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NUFFIELD FARMING SCHOLARS – AN OVERVIEW
About this web site
This is the International web site of countries participating in the Nuffield Farming Scholarship Scheme. All scholars reports (2006 onwards), upcoming events related to the Nuffield scholarship scheme, other general items of information and links to localised Nuffield web sites, are now listed on this site.
Nuffield Farming Scholars – a background
(A more complete history of Lord Nuffield can be found on this link)
In the aftermath of the Second World War Lord Nuffield, Industrialist and Philanthropist, initiated a travelling scholarship scheme for British and Empire farmers, in recognition of their contribution to feeding the nation through the war, and as a method of advancing the best agriculturalist practice around the world.
The first 2 scholars were selected in 1947. Jane Kenyon and Edward Stokes from the UK paved the way for some 1000 scholars from eight participating countries that have since travelled the world studying the best agricultural practice wherever it may be. From Brussels to Washington, the paddy fields of Asia and the fantastically productive farmlands in the America’s, to the most sophisticated and technologically advanced farming in the other parts of the world, Nuffield scholars have created an unrivalled network of Agriculturalists that, worldwide, are at the leading edge of their profession.
Each year, the 7 countries now participating in the scheme, award a total of approximately 50 scholarships to young agriculturalists. Their first engagement is the Contemporary Scholars Conference – an opportunity to meet and network with all newly selected scholars from around the world, and an opportunity to gain an understanding of agriculture of the host nation – the Netherlands in 2006, Canada and in 2008, Australia.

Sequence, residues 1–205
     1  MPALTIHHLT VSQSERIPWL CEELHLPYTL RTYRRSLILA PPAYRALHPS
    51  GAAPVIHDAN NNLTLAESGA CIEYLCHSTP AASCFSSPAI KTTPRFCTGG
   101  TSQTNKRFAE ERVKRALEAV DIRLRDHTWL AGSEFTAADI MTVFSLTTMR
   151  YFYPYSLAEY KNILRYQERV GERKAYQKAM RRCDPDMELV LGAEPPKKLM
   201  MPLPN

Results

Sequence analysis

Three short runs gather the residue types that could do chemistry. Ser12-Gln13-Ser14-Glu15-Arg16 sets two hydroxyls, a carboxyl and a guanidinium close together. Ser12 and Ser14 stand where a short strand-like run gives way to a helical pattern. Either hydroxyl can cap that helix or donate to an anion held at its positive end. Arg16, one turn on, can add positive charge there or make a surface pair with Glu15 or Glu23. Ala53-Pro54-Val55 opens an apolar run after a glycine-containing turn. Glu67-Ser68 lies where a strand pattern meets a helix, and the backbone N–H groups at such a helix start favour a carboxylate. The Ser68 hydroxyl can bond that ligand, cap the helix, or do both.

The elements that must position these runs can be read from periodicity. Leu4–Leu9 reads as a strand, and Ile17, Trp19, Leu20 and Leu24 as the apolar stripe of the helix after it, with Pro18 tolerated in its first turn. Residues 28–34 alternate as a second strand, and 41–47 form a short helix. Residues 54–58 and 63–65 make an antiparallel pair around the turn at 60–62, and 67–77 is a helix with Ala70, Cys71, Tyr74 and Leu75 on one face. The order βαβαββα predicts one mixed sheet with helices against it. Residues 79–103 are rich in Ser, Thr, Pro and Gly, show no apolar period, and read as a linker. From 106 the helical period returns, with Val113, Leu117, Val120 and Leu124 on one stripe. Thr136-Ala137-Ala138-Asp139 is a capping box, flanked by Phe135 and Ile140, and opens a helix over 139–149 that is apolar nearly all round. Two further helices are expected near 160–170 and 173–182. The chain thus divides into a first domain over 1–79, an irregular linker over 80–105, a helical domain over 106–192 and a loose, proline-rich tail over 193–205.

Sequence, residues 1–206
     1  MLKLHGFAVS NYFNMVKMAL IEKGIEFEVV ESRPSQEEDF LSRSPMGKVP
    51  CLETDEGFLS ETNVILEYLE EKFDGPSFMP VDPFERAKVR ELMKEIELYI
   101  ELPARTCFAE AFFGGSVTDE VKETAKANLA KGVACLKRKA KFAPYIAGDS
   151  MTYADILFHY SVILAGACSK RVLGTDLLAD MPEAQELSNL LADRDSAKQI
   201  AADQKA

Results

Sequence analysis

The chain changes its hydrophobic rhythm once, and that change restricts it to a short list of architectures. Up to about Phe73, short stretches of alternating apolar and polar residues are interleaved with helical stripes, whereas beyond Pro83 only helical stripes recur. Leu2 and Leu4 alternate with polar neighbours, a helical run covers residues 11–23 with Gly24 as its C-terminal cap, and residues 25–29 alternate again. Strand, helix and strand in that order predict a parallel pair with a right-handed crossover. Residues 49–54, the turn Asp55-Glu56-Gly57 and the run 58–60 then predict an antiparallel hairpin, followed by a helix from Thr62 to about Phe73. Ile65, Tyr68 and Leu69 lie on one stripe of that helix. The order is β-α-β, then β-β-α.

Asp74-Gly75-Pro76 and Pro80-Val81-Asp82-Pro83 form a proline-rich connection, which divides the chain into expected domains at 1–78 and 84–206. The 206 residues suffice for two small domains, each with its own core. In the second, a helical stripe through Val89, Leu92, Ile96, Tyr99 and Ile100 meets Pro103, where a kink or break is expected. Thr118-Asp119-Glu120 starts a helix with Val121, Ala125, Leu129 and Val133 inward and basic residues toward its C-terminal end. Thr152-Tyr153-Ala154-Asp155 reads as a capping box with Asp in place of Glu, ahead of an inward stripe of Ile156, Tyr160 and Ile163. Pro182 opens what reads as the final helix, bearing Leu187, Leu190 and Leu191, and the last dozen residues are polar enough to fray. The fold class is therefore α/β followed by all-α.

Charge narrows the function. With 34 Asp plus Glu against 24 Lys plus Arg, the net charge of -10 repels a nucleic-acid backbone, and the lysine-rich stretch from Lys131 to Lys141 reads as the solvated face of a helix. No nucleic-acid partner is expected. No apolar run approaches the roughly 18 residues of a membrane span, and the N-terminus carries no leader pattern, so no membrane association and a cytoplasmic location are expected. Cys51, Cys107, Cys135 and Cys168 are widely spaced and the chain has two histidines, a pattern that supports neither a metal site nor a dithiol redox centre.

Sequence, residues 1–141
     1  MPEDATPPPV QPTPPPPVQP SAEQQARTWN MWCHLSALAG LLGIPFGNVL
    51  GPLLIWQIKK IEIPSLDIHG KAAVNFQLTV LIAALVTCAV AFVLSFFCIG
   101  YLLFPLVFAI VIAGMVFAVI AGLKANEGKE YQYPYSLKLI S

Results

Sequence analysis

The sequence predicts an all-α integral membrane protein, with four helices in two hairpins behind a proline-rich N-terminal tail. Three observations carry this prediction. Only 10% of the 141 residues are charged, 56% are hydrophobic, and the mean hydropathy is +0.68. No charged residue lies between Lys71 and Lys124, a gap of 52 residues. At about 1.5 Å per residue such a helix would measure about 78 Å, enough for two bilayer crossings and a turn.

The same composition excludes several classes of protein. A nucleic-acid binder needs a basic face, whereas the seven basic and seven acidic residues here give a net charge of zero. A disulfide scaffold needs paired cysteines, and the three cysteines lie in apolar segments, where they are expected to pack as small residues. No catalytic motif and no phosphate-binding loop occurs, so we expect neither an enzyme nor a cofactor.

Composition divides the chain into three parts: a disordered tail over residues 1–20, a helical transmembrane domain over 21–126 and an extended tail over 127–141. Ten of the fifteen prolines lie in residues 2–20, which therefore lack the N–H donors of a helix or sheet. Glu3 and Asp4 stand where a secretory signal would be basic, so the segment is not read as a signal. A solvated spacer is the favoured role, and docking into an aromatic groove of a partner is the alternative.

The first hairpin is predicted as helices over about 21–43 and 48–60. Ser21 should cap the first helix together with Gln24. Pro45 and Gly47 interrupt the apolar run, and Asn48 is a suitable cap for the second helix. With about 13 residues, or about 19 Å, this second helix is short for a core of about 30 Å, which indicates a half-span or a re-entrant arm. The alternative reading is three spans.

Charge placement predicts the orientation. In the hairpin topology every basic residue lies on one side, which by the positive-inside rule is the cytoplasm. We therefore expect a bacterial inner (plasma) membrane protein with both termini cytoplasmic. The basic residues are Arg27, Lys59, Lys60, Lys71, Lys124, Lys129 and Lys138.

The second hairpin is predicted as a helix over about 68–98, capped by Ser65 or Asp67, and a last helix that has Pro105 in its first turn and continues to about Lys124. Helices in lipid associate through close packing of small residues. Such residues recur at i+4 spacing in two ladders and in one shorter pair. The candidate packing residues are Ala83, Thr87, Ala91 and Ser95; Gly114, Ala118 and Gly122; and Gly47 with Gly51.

The great challenge of the coming century will be supplying the rapidly increasing demand for food, not only in quantity, but meeting the demands of an increasingly quality and environmentally conscious world. This is occurring at a time when around the Western world, because of half a century of declining margins, there has been an exodus of human capital from all sectors agriculture. Student numbers have dropped, Research and Development is in decline and there is a diminishing number of farmers.
The human Capital issue within agriculture is potentially the greatest barrier the West now faces in meeting the demands from agriculture that this new century will require. Nuffield, worldwide, is uniquely placed, and has an unrivalled programme, to assist in meeting the challenges in the years ahead.
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